It's been 18 years since I attempted to take my own life, and I still remember that day as vividly as if it were yesterday.
As I mentioned before, I made a series of poor choices. I think the fact that I was forced to grow up at such a young age contributed to my wild behavior. The minute I was free of the relationship that made me feel like an “old hen,” I went crazy. I was drinking to the point of inebriation. I was sleeping around recklessly, and I was trying to fill a void in my heart that none of those things would fulfill.
One night I was drinking and decided to chase after a guy (in my car) and got pulled over. I was arrested for a DUI and stayed the night in jail. This was an extremely low point for me.
At this point, I was working three jobs to help pay for school, and when I faced the judge, he sentenced me to five days in jail, $500 fine, community service, and suspension of my driver's license for six months.
Here's where the hopelessness set it. I felt like I was trying my best to work hard and get through school. But I was partying my life away. I had zero self-respect, and the judge saw that.
When I lost my license, I lost my transportation to and from my three jobs. I lived in a different town than I worked in, so getting rides wasn't an option. And Uber didn't exist back then.
The suicide attempt
A couple of weeks later, when I was completely wasted (again). A man I barely knew raped me. I felt ashamed because it was “that time of the month.” When I tried to stop him, he forced himself on me. It took my body two days to reject the tampon that lodged inside my body. I could have died! It brought on feelings of complete shame. That shame kept me from seeking help. I didn't report it. I didn't go to the doctor.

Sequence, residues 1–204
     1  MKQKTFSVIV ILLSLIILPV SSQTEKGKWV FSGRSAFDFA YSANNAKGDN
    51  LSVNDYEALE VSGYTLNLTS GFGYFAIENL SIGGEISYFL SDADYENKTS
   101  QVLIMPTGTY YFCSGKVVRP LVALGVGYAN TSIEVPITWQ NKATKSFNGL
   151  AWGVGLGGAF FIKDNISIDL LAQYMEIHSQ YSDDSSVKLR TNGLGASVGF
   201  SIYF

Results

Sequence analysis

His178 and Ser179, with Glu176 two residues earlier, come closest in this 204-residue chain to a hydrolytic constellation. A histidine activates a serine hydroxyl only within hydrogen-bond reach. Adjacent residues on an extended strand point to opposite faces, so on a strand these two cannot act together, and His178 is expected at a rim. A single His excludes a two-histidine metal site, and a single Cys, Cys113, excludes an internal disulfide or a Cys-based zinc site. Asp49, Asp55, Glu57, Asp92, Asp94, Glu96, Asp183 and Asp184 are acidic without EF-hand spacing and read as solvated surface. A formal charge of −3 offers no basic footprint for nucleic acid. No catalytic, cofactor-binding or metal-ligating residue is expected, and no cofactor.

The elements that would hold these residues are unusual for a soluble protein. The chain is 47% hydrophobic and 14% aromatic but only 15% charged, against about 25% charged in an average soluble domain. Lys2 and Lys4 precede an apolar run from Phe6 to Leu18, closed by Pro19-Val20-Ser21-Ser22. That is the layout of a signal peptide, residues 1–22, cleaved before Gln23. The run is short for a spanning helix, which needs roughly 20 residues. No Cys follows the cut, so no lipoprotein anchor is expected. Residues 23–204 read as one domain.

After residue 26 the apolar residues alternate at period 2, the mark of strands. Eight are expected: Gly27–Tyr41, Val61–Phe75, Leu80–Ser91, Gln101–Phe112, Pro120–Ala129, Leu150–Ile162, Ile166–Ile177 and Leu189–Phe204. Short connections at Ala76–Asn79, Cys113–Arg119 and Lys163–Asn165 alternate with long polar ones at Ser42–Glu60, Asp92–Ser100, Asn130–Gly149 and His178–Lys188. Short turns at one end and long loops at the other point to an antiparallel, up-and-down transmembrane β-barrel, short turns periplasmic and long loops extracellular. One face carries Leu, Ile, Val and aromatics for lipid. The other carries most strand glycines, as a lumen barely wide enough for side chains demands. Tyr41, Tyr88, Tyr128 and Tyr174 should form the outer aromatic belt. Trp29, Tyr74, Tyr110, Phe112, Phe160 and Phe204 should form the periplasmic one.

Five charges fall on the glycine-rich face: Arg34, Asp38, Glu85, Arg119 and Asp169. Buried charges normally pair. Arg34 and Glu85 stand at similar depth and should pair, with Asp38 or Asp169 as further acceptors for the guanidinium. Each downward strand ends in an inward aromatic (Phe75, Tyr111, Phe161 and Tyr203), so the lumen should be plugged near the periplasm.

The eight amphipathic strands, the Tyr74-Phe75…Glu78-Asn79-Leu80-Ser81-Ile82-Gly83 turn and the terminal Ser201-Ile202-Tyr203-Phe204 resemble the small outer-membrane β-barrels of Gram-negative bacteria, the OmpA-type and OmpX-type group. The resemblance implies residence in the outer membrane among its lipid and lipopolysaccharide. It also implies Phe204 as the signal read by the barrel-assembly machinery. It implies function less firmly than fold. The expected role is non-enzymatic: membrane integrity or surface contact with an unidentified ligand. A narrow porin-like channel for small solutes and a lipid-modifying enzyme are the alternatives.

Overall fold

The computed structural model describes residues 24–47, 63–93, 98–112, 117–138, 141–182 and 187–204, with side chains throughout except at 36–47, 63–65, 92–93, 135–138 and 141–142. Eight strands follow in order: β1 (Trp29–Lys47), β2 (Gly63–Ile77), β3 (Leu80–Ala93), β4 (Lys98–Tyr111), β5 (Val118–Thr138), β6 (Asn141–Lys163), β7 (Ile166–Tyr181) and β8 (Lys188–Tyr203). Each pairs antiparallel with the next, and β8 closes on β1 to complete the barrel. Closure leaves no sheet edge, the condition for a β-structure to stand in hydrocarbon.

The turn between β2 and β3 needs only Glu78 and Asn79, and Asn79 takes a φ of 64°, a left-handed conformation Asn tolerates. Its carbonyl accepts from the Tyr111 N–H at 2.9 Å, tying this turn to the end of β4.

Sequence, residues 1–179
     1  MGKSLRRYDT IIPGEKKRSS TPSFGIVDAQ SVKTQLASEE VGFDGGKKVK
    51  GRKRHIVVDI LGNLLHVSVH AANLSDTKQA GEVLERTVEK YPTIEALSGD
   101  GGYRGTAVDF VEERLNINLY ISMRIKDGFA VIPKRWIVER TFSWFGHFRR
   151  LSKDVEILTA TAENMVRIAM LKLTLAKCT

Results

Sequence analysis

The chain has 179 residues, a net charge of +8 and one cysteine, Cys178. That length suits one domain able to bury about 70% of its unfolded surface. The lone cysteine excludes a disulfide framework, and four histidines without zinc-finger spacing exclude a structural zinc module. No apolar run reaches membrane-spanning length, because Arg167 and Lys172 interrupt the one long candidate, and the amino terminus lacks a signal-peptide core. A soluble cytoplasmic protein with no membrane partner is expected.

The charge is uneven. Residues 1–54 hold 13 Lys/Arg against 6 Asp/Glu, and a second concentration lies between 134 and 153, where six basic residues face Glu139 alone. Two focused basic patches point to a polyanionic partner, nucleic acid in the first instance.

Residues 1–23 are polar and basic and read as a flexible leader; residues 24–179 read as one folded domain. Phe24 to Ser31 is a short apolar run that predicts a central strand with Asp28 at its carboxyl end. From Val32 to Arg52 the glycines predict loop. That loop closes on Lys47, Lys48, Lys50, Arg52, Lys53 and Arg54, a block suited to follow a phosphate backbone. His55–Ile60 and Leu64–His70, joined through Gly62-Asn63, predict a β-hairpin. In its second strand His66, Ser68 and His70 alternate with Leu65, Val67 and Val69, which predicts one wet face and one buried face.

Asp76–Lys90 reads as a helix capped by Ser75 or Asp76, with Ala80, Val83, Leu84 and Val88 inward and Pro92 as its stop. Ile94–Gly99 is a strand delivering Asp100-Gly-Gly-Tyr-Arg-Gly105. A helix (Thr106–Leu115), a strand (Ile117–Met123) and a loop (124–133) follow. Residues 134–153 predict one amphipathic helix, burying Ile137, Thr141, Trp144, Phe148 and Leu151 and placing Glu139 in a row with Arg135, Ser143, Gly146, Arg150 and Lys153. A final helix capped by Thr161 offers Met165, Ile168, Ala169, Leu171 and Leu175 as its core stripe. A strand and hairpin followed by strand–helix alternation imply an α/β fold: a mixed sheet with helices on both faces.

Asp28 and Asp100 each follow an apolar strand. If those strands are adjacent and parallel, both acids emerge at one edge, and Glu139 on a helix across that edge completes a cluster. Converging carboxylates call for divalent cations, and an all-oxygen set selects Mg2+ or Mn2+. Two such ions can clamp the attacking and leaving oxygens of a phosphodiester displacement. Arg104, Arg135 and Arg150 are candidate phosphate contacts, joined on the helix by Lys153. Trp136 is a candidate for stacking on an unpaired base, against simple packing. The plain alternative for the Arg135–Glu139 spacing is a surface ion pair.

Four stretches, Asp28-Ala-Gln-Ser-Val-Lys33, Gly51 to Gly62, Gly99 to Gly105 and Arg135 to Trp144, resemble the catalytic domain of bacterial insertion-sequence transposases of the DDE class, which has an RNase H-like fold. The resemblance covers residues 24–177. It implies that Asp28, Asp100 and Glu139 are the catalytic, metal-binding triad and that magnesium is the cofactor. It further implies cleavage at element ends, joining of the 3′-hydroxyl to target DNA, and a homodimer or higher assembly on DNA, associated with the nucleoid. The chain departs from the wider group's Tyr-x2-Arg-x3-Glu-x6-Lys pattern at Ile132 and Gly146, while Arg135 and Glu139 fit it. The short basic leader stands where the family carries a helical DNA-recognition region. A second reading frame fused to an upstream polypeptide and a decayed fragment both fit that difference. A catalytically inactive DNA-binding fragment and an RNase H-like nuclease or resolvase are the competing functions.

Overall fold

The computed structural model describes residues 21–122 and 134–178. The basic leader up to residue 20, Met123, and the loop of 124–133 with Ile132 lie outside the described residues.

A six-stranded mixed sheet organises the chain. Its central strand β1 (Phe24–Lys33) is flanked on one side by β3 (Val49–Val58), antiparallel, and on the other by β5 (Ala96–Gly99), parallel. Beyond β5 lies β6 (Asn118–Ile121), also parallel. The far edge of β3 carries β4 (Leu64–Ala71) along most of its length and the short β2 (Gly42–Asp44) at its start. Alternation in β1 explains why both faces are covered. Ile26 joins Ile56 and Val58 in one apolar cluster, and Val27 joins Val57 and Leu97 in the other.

The only people I've ever shared that with are my family. And when I told my dad, he said to me that I “must've wanted it“…
So I decided I didn't want to live anymore and I swallowed a bunch of pills. I called my mom and sobbingly told her I loved her but that I didn't want to live anymore; that there was no hope for me.
She called 9-1-1, and they promptly rushed me by ambulance to the hospital where they pumped my stomach. I'll never forget the feeling of that tube up my nose and down my throat.
My dad (the same one who dismissed my rape) drove me to a mental health facility where I stayed “under observation” for a few days to ensure I wasn't a danger to myself or others. Sometimes, to this day, he'll call me as he's driving past the facility to bring it up. He laughs and says “Remember when…?”
I'm obviously not very close with my dad, and I've learned to ignore him. Sometimes you have to distance yourself from toxic people who only bring you down.
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Thank you for being so transparent. You and I both share a common faith. How did you see God in all of this? Or did you?
It's hard to talk about, but I know that there are others who have been through far worse. If my story can help a single person, it's worth sharing.
Shortly after my suicide attempt, I came back home and started attending church once in a while. One day at church, I felt the Holy Spirit guiding me to the altar, and the entire congregation (a group of people who didn't know me) stood up and put their hands on me and prayed over me…for healing and comfort. Bawling my eyes out in front of a bunch of strangers, I felt God telling me it was all going to be okay…and that He had a purpose for my life.